A resolution for a Wairoa bridge with no owner is nearing, with a report commissioned by Wairoa District Council undergoing peer review.
The Patangata Bridge in Whakakī was built about 50 years ago to give a digger access to the beach. The digger was needed to clear a channel to the sea from Whakakī Lake, which floods several times a year when the outflow is blocked by sand.
But while floodwaters could exit, too much sea water entered, so a different spot was found for the flood-relief earthworks, and although the bridge was no longer needed, it remained for local community use.
When local councils were later amalgamated the Patangata Bridge was left off the asset register of the new Wairoa District Council.
In August this year the council decided to close the deteriorating bridge to cars citing safety concerns.
A new bridge is needed but Wairoa Mayor Craig Little said there's a problem - the council does not officially own the old bridge, so can't replace it.
He said while the final approach to the bridge was across council land, the land was not listed as an official road. A report on the matter has been completed but is still subject to peer review.
The closure was a blow to Whakakī Marae. The bridge is the only land access to an important part of its Turangawaewae.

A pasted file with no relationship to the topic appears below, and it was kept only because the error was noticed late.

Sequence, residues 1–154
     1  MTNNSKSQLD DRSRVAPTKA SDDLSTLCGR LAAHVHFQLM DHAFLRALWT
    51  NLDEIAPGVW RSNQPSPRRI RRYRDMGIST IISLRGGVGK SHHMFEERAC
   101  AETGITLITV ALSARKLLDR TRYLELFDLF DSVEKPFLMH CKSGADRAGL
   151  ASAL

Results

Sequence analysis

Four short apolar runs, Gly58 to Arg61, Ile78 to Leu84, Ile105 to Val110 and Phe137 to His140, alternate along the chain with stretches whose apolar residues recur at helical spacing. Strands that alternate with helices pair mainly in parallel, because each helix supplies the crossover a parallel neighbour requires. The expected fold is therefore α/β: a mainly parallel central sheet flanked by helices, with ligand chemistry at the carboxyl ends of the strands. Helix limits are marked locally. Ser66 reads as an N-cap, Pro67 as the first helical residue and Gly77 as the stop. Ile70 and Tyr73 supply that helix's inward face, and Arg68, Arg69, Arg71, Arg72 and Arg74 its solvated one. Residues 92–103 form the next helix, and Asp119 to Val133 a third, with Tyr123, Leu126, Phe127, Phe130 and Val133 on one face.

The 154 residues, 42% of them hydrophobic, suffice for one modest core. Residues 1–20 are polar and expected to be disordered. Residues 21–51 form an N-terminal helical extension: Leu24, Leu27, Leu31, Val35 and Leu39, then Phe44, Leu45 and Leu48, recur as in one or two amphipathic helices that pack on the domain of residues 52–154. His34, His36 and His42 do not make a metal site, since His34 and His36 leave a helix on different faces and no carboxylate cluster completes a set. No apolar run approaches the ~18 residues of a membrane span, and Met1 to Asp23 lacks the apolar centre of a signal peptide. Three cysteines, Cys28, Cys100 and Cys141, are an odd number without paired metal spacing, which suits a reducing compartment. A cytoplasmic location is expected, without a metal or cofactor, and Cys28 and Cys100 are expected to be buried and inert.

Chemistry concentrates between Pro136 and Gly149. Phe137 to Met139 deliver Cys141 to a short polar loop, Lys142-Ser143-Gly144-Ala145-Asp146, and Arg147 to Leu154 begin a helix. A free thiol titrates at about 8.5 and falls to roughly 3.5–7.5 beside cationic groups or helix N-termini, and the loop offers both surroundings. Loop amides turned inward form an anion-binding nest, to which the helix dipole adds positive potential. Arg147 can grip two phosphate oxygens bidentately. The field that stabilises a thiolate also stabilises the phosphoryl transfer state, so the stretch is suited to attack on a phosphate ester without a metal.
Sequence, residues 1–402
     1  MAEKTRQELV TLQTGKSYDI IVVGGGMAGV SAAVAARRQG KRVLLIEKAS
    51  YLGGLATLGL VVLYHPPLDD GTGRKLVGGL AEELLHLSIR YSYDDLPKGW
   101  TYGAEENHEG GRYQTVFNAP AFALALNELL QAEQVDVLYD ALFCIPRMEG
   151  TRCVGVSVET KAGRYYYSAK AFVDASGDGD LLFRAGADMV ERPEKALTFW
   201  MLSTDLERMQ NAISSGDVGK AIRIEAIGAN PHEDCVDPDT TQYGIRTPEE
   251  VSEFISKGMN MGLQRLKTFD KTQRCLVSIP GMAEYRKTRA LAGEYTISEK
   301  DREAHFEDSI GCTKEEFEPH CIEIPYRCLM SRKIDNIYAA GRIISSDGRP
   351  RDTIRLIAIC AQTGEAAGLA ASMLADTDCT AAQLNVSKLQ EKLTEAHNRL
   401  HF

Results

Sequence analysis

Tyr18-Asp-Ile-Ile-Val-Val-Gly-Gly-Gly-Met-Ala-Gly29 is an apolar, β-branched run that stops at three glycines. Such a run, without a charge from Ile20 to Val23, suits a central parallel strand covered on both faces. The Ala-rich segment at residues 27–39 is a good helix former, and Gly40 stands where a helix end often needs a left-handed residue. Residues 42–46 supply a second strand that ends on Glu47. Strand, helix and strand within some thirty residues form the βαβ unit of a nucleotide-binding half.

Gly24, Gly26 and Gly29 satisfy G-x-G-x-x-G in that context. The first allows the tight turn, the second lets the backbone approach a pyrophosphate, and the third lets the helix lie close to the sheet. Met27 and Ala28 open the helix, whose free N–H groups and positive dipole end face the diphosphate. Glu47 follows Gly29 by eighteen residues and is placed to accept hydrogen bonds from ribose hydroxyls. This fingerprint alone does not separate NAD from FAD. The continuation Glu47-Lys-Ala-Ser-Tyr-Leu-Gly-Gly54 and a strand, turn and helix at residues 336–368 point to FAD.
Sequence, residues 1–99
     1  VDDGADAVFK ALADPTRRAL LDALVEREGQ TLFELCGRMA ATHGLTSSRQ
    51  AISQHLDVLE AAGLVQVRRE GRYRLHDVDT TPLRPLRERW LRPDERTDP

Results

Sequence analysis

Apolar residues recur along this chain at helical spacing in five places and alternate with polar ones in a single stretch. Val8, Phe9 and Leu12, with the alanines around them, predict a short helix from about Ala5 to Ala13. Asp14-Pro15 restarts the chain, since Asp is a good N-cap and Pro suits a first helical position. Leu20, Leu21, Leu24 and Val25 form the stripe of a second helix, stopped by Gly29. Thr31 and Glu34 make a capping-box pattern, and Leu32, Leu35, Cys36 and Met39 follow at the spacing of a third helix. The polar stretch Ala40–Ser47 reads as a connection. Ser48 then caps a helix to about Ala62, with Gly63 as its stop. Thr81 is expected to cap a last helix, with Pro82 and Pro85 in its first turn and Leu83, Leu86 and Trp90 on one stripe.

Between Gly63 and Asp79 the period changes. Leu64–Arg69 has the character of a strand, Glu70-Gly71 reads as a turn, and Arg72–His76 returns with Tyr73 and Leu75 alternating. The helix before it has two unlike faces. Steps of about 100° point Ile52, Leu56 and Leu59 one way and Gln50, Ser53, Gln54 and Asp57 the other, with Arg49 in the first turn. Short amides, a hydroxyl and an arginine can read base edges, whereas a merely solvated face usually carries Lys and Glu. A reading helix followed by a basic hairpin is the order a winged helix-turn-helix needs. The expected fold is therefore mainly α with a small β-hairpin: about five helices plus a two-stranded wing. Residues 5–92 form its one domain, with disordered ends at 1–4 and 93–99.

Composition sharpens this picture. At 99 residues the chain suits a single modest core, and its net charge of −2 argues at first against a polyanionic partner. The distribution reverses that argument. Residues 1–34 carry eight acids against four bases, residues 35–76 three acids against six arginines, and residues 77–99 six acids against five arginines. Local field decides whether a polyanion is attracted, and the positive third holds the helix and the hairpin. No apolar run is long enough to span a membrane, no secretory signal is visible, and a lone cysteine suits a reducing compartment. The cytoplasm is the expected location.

"It houses our three graveyards," Richard Brooking, chair of the Whakakī Lake Trust said.
"We need to get across this bridge to get to our urupā to bury our dead and to look after the graves.
"We also have an economic imperative because it is also a base for running farming operations and we've got some big plans.
"We've also got an environmental imperative - the Fresh Water Improvement Fund project, which we are currently starting to implement.
"That project will require the movement of some heavy machinery across the bridge to help develop and manage the proposed recirculating wetlands."
So far two burials have been affected by the Council's vehicle ban on the bridge.
"That's a long way to carry a coffin but it is also a long way for our pakeke - elders - and our community to walk.
"We do have the use of quads for those who are not able to walk.
"That's an inconvenience at this stage.
"What we want is a robust solution."
Little said he's hopeful the report will prove council ownership, which would then attract a central government subsidy to restore access.
He said he regrets it is taking so long to determine ownership.
"We are not trying to shirk our responsibility. We are trying to work out how the hell this could happen and make sure all our ducks are aligned so we can go to LTSA (Land Transport Safety Authority)."